Can we find a definitive answer to the causes of the war? I'm not sure we can. Perhaps it was a combination of elements, cooked together at just the right time to combust into an awful tragedy. Some Bosnians believe they were attacked solely because of Serb imperialism. Some were vehement that they were attacked, then sacrificed by the world, only because they were Muslim.
But what kind of Islam do you find in Bosnia? I'm not sure. A medley of things, perhaps, from a people who've been through a lot. The pious are pious in Bosnia. Some observe the requirements of the religion, some don't. Some have Muslim names, some don't. Some are completely secular and agnostic, many aren't. Observing Bosnia is a unique religious experience, where you can see the fingerprints of Turkey, the faded remnants of Arabia, but in a paradigm that is, ultimately, entirely European.
* * *
Larbie was Islamic Relief's regional head in Tuzla, about a two-and-a-half hour drive north of Sarajevo. He had arrived in Bosnia as the War was winding down. He made the country his home, found a Bosnian wife, and fathered four gorgeous children. Traveling with Larbie was like accompanying the town sheriff in a Hollywood western. Although he spoke Algerian-accented Bosnian, had a caramel complexion, and cropped curly black hair, all of which made him stand out in a crowd, he was deeply respected by the people of the city.
Wherever he drove men, women and children flung their hands into the air or nodded their heads in a merry greeting. Larbie was going to collect repayments on this particular day, and I was interested to see how timely the payments would be, and what the atmosphere would be like.
Along the way, Larbie informed us that his car's license plate was stolen the day before. "We were taking other guests around the country to visit beneficiaries, and when we were inside a Muslim house in Republika Srpska, I think some of the Serb neighbors were upset with us being there, so they stole my license plate!"
Today being the due date for payments, Larbie was obviously expected by all the beneficiaries in the area. He worked smoothly, like a loan shark without the shark part, if that's possible.
One of the many beneficiaries we visited was Mirsada. The area around her garden was green, muddy, and messy. Apparent were the remnants of maize crops that were destroyed in the preceding 48 hours by flash floods that caused havoc in all the Balkans. Mirsada wasn't upset that the floods would set her back a few months; like many people we encountered in Bosnia, she took everything on her chin and moved on.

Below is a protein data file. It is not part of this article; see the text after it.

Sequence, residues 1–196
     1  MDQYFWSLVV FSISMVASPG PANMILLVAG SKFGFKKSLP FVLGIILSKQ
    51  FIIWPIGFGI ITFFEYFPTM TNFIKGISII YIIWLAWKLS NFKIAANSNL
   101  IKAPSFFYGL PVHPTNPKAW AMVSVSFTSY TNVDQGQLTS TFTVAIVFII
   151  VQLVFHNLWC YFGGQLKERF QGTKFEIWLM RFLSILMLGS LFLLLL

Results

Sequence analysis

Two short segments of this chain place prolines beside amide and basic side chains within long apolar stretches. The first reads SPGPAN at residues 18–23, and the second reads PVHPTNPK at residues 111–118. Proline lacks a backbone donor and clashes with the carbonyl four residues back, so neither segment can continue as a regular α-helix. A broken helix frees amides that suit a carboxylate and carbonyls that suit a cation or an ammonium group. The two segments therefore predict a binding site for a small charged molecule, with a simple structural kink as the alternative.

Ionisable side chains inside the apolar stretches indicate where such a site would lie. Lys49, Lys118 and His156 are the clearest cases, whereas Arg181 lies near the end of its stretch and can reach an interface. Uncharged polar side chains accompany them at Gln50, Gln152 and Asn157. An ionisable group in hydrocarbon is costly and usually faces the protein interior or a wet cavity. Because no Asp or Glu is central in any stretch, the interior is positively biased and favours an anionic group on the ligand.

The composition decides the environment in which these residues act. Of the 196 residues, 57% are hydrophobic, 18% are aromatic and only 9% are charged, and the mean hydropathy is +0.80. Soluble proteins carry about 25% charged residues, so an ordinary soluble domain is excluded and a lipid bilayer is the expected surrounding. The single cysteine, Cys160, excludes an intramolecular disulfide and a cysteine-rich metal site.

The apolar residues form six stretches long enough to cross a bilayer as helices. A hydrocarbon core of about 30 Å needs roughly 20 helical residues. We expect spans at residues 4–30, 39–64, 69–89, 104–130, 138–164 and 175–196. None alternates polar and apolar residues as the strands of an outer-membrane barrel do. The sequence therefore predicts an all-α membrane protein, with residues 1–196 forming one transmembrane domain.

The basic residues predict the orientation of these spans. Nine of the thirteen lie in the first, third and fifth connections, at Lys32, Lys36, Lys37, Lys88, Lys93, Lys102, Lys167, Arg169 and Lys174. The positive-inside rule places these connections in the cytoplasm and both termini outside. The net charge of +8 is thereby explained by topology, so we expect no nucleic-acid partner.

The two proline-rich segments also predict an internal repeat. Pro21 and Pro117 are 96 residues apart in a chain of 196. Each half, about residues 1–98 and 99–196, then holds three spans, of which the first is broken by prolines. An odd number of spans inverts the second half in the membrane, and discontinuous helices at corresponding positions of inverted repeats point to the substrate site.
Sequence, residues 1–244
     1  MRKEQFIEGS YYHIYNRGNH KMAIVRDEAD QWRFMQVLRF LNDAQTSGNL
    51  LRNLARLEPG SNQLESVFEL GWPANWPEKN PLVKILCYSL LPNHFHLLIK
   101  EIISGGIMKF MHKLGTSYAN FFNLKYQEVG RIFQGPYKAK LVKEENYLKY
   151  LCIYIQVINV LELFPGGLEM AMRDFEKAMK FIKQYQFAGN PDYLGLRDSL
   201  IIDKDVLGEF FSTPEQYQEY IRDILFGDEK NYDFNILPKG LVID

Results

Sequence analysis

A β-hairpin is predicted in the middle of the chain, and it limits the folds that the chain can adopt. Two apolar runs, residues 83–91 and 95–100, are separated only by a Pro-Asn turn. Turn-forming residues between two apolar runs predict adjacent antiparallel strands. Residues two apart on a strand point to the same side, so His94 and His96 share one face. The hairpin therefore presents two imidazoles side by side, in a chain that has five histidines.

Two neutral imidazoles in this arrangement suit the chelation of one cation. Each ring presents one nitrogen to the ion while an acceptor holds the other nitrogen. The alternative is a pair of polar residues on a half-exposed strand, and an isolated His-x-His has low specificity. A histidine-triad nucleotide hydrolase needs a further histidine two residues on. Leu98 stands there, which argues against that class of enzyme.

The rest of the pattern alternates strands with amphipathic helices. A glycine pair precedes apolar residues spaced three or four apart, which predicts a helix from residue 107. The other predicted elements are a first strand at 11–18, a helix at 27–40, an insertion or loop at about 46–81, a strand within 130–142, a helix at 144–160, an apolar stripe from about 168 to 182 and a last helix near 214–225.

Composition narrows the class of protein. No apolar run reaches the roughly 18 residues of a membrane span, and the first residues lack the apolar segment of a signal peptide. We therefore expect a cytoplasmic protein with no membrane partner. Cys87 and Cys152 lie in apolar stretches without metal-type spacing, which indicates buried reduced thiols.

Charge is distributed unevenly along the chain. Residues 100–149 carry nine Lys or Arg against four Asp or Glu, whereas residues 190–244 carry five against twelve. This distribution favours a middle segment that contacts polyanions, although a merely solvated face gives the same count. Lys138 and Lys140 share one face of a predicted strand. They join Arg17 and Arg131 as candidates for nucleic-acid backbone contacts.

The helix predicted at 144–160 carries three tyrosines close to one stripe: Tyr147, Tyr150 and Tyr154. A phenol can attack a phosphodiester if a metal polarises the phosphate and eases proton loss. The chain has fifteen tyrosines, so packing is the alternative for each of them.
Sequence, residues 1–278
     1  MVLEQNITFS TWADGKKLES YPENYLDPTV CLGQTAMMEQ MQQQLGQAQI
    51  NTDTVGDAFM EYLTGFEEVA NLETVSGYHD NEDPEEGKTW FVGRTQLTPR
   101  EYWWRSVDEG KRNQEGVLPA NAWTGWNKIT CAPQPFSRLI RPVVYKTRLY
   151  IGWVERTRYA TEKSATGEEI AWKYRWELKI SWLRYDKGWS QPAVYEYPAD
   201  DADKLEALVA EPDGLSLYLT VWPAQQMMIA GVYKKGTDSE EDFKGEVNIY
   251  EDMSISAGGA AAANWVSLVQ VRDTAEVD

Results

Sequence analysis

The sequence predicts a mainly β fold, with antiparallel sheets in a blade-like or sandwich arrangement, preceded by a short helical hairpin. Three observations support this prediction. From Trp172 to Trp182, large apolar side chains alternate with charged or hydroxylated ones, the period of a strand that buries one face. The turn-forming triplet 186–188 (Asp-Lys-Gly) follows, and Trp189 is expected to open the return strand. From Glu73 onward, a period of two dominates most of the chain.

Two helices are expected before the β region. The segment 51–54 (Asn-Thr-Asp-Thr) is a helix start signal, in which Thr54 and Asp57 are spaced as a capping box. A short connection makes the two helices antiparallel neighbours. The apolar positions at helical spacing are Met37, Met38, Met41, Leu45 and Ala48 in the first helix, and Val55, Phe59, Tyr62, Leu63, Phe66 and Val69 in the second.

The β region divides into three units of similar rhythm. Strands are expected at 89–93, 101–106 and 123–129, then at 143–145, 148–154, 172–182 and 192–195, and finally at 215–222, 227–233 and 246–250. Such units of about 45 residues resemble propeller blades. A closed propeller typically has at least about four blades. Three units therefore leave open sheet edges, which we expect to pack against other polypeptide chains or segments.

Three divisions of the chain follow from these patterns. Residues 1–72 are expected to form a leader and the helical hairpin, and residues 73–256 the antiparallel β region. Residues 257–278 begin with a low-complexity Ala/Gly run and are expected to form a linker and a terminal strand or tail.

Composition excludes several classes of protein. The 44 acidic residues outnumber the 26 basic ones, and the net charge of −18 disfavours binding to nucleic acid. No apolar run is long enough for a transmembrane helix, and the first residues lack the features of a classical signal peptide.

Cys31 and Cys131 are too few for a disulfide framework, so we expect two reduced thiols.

At least a dozen people arrived outside Mirsada's house, mostly housing-loan beneficiaries, and the odd business-loan client. Once these loans had been promptly paid, Larbie was invited into Mirsada's house, and all the widows of the area arrived.
Larbie dictated the flow of our conversation, translating and coordinating. While sipping what was probably our sixth cup of strong, muddy coffee for the day, having been offered one at every home we visited, Larbie collected Mirsada's monthly payment. And then another, and another. All the women's payments were made; not one was missed.
The widows huddled together in a communal sisterhood that made it clear that they sought refuge in each other. This could easily have been a knitting club, or a cooking club. Except this club wasn't formed on the basis of a common social interest. This sisterhood came from a condition thrust upon them, a thread of similarity instantly brought about through murder and genocide. Each one of these widows had lost their husbands in Srebrenica. After the war, they sought refuge here, in Tuzla.
Larbie speckled his words with encouragement and some lightheartedness that made the "sisters" laugh, but ten years on from Srebrenica, no matter how hard they tried to be optimistic, the pain in the eyes of those women we met in Mirsada's home looked ten minutes old. Once again we heard their stories, we ate their snacks, we moved on. I feared we were becoming immunized to the situation with every new story we heard. Desperation was becoming normal.
Larbie said goodbye and thanked them for their timely payment. We thanked the widows for their conversation. My colleague turned to me and said, "These are what you can truly call 'Desperate Housewives.' This is not TV."
It was time to say goodbye to Larbie. Now was the time to embark on the final leg of my adventure. The majority of Islamic Relief's guests had already jetted out of the country by now, so it was just down to a couple of us, on our way to Srebrenica.
Imran Garda is a freelance journalist based in South Africa.